Trinity's architect, a descendant of four generations of French architects and engineers, served for fifty years as the chief architect of the Cathedral of St. Peter and Paul (the Washington National Cathedral) in Washington, D.C. Trinity, a sophisticated sandstone building in an English Neo-Gothic style, demonstrates Frohman's expertise at a much reduced scale. The sanctuary, in the traditional shape of a Latin cross, has a stone floor, smooth plastered walls, windows framed with limestone surrounds, an open timber ceiling, and handsomely carved oak furnishings.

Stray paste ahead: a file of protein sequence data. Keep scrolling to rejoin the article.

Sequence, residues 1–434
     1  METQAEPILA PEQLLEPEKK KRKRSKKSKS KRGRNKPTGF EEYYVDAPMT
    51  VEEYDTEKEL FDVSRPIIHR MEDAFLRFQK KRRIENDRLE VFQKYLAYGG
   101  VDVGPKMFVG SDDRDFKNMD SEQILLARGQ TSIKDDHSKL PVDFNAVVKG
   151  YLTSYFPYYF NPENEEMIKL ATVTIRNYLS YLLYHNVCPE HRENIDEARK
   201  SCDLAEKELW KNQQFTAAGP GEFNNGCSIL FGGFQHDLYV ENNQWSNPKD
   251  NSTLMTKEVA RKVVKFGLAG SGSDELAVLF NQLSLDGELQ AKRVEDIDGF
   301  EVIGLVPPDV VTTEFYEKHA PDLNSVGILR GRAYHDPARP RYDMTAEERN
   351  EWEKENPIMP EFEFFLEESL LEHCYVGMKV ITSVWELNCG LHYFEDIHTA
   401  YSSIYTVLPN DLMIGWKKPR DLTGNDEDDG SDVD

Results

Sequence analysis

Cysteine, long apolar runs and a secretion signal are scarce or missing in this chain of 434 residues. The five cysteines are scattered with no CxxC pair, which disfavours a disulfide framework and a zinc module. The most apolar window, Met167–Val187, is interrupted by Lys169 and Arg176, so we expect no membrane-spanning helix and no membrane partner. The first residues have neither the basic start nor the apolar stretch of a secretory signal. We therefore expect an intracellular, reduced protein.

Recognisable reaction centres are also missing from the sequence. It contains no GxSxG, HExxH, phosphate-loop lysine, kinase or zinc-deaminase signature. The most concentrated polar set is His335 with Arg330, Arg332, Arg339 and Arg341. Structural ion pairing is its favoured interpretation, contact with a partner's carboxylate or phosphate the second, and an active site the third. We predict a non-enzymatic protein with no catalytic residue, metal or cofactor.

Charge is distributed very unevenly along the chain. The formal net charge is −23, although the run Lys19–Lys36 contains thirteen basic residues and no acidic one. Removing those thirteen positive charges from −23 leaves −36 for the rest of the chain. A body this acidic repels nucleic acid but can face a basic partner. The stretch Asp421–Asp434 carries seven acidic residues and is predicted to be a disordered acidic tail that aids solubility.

The church's great glory is its stained glass windows, composed primarily of glass made by the Blenko Company of Milton, West Virginia. Frohman referred the church's fine arts committee to several noted stained glass firms, and at his instigation, the committee visited the National Cathedral and other churches before deciding on an iconographic program for the windows and selecting a studio. As it turned out, four studios are represented: Burnham; Pittsburgh Stained Glass Studios; Reynolds, Francis and Rohnstock; and Willet. Burnham's impressive Trinity Window, a triple lancet above the altar, shows Christ in Majesty surrounded by medallions depicting events in His life.